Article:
Printed from the blog of Lori Greene, AHC/CDC, CCPR, FDAI
Allegion
Email: lori_greene@allegion.com, Blog: www.idighardware.com or www.ihatehardware.com


May 10 2016

School Crime Stats – The Good News and The Bad News

Category: School SecurityLori @ 3:17 pm Comments (2)
Share

In several of my past articles I’ve quoted some statistics on school crime from the National Center for Education Statistics.  This organization has just published an updated report for Indicators of School Crime and Safety through 2015.  The good news is that according to Campus Safety Magazine, the report shows an overall decrease in crime in schools:

There were significant decreases in instances of bullying, harassment because of sexual orientation and violent crime at all levels of education, although some cautioned the apparent progress isn’t enough.” 

The change could be due to increased security measures such as surveillance cameras, or school administrators’ more proactive approach to school security.  Table 20.1 (partial table shown below) illustrates the rise in controlled access to buildings (74.6% in 1999-2000, 93.3% in 2013-14), although the report does not include in-depth information about security measures.NCES Table

~~~

NCESThe bad news is that the findings of the report are still quite sobering with regard to the incidence of crime in schools.  There are many more statistics packed into the report’s 234 pages, but some of the key findings include:

  • Preliminary data show that there were 53 school-associated violent deaths from July 1, 2012, through June 30, 2013. In 2014, among students ages 12–18, there were about 850,100 nonfatal victimizations at school, which included 363,700 theft victimizations and 486,400 violent victimizations (simple assault and serious violent victimizations).
  • During the 2013–14 school year, there were 1.3 million reported discipline incidents in the United States for reasons related to alcohol, drugs, violence, or weapons possession that resulted in a student being removed from the education setting for at least an entire school day.
  • Of the 781 total hate crimes reported on college campuses in 2013, the most common type of hate crime reported by institutions was destruction, damage, and vandalism (364 incidents), followed by intimidation (295 incidents) and simple assault (89 incidents).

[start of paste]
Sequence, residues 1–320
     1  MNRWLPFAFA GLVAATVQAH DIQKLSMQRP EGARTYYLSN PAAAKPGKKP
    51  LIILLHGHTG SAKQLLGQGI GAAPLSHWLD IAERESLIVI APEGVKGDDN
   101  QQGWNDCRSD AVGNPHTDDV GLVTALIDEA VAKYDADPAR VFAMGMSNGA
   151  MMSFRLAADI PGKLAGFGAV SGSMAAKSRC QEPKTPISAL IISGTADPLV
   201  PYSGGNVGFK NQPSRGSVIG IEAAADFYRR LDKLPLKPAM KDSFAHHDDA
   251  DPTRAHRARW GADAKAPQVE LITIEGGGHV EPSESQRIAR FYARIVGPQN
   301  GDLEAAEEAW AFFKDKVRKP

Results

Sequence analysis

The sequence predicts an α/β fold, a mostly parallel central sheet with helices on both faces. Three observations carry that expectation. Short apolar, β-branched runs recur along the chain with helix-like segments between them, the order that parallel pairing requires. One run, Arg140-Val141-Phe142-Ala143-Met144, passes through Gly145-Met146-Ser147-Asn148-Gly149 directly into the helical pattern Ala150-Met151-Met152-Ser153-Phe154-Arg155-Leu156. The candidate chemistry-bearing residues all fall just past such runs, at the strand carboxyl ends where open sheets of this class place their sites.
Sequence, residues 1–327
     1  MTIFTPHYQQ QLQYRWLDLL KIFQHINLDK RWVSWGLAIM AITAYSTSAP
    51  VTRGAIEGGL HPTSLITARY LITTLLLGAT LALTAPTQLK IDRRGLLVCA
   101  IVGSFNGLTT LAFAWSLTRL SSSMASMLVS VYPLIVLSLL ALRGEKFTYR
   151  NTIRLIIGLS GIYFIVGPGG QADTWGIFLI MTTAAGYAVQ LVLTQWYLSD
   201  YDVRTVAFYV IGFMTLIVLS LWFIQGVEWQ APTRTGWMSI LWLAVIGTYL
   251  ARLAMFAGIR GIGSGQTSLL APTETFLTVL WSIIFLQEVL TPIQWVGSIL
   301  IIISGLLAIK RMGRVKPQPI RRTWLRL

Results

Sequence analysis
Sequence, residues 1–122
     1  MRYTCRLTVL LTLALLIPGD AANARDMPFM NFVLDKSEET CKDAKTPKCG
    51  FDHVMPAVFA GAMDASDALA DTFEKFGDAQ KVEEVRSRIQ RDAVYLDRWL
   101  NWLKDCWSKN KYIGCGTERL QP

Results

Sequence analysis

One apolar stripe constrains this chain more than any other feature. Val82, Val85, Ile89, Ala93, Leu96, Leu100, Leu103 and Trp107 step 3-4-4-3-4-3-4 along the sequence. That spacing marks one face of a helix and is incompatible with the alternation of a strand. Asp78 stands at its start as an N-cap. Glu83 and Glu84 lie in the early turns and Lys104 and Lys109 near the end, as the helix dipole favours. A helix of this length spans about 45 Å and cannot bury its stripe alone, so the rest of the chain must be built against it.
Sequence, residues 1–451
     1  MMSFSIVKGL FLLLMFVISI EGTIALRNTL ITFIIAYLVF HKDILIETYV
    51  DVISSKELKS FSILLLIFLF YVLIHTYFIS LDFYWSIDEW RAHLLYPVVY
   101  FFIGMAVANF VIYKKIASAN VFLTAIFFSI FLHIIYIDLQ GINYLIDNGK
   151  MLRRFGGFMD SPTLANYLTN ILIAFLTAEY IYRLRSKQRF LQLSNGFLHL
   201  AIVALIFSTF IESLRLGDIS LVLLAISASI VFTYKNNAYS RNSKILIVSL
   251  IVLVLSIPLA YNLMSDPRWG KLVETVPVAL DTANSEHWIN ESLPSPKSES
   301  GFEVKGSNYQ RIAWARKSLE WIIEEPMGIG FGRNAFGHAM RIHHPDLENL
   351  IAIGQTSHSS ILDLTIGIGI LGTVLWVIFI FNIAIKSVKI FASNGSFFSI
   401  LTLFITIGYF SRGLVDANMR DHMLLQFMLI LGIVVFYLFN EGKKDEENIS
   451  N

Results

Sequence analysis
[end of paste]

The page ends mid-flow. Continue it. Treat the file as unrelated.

We still have a long way to go in order to make sure students and staff are as safe as possible at school.  You can download the full report by visiting the website of the National Center for Education Statistics.

2 Responses to “School Crime Stats – The Good News and The Bad News”

  1. Nathan says:

    Lori,

    Where is the infographic? No one reads anything anymore!

    Am I reading and doing my math correctly: They found 53 deaths and 850,000 non-fatal victims in a one year period. Considering there are about 75 million students in Pre-K through College each year in the US… that is about a 1% chance of being a victim of any kind (without controlling for repeat victims or know offender conditions) and a 0.00007% (0% statistically) chance of the death.

    When you say ‘we have a long way to go’, what percentage risk is an acceptable goal in your opinion?

    Nathan

    • Lori says:

      I agree – an infographic would be good. You’re right…if you look at the percentages, it seems like a low risk. On the other hand, I just saw a statistic that 1751 guns, knives, and other weapons have been confiscated in NYC schools this school year. Again…probably a small percentage compared to the number of students, but unacceptable in my opinion. We need to find the right balance of security and life safety, and there is more that can be done. The security measures put in place so far have helped to reduce crime in schools, but this focus needs to continue. And we have to make sure that what is done in the name of security doesn’t create other problems.

      – Lori

Leave a Reply

*